The spherical or ball shaped ware support 8, whether of the recited oxides and clay, or metals, or even other forms of metal having a plated coating of platinum, provides certain advantages in manual or automated placing thereof upon the setters and spiders aforesaid. It will be recognized that other geometrical forms of the ware support may be employed when provided with suitable arcuate or semi-spherical areas of contact with the ware. When using such other geometrical forms of ware support, it will be understood that the depressions in the set-' ters, spiders or equivalents thereof, will be modified in shape to accommodate the specific geometrical form of support used. There are now available sufficiently sophisticated forms of apparatus for automated positioning the supports of various geometrical forms upon the said spiders and setters. Hence when the ware supports having arcuate or semi-spherical ware contacting surfaces are broadly referred to, any geometric form other than a ball is contemplated. Y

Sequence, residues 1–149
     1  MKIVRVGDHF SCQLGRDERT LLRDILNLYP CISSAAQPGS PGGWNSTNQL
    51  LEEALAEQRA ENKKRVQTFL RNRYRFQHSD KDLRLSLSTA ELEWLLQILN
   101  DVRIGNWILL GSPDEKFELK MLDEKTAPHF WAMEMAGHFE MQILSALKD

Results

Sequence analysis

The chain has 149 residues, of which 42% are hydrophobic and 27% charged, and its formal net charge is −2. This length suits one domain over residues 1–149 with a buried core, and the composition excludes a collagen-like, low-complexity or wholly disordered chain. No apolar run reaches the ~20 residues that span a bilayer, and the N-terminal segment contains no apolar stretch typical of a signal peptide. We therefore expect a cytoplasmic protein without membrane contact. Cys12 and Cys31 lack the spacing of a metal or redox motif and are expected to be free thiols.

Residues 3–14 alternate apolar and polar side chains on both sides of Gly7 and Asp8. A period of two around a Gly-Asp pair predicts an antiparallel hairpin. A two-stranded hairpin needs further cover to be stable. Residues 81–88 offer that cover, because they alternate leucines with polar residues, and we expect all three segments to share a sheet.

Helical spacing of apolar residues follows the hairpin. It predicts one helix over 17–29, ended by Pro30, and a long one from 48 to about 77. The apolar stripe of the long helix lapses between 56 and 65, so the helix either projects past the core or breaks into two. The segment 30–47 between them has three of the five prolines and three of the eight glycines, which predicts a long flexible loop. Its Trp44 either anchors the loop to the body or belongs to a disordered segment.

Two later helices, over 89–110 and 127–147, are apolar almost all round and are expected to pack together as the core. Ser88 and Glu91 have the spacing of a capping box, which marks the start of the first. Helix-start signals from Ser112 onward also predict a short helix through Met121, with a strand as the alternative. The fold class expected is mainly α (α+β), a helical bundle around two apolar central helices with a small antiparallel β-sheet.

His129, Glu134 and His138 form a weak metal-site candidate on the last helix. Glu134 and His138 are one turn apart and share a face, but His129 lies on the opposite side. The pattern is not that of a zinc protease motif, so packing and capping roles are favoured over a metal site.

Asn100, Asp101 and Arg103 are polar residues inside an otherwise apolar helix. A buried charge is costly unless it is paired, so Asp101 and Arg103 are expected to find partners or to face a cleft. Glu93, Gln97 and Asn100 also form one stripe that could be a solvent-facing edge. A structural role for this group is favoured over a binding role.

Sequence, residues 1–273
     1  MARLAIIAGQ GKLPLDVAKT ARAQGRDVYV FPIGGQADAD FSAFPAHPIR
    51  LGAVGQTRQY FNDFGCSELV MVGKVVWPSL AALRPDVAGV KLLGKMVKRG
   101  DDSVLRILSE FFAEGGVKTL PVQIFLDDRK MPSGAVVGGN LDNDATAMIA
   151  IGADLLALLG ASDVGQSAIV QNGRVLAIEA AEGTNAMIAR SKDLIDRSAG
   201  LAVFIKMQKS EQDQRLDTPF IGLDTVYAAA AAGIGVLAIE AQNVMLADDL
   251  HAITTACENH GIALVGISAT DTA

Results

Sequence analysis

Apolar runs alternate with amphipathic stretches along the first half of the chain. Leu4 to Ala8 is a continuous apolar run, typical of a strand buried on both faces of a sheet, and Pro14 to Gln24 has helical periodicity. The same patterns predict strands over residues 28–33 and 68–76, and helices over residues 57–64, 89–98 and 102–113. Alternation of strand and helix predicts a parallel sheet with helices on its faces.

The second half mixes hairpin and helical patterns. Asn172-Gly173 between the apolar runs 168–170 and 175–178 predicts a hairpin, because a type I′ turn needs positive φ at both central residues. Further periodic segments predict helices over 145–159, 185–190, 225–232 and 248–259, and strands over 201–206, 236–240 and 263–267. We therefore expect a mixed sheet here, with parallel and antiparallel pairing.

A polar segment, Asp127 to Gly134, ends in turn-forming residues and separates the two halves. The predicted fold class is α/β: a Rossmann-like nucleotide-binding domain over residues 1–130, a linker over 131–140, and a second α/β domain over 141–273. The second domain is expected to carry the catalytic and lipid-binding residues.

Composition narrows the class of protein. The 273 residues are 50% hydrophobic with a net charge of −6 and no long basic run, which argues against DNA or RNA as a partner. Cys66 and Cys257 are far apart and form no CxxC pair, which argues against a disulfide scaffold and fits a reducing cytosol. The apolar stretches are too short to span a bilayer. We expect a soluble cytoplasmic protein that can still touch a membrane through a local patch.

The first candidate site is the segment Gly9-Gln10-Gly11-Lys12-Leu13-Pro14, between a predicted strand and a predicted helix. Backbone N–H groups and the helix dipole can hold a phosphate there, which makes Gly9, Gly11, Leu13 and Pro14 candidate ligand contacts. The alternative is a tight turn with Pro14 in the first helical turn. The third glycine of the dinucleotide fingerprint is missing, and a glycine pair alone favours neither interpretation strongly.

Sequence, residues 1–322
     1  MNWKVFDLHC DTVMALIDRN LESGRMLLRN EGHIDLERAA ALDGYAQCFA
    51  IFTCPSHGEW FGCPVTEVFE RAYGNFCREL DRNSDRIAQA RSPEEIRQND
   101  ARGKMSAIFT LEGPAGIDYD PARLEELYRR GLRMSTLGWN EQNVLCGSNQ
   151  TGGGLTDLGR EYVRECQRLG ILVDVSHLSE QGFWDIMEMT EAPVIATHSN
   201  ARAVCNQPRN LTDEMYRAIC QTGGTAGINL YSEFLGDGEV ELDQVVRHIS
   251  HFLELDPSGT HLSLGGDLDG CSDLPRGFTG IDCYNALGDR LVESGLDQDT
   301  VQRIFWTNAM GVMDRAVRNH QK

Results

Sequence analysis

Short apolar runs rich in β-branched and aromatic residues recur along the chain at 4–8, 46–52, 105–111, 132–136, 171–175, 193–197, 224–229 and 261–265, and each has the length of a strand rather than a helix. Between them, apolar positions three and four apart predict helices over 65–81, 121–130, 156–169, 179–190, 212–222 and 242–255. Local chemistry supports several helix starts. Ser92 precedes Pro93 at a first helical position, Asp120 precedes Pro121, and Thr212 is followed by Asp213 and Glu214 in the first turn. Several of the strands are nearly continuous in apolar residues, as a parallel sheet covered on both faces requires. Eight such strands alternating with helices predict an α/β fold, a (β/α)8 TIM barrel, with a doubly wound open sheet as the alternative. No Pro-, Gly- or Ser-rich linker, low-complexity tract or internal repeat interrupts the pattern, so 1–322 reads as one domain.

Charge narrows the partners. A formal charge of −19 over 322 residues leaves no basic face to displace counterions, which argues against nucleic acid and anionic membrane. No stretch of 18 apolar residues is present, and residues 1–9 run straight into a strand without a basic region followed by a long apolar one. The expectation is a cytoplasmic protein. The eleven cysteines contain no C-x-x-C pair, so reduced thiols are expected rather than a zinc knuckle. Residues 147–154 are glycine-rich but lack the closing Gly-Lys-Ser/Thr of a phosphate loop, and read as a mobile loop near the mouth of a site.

A further modification of the ball shaped ware support 8 is shown in FIG. 7 of the drawing. Here the spherical ware support 80, of suitable refractory material, as hereinbefore discussed, may be suitably mounted upon one end of a conventional sagger pin S and both the pin and 1. As an article of manufacture for mounting glazedceramic ware upon suitable setters and spiders for movement through a firing kiln, a spherical porous body of readily frangible fired refractory material having an outside diameter less than three-quarters of an inch.
2. Apparatus for supporting glazed ceramic ware moving through a firing kiln, comprising:
(a) a suitable setter or spider for receiving the glazed ware,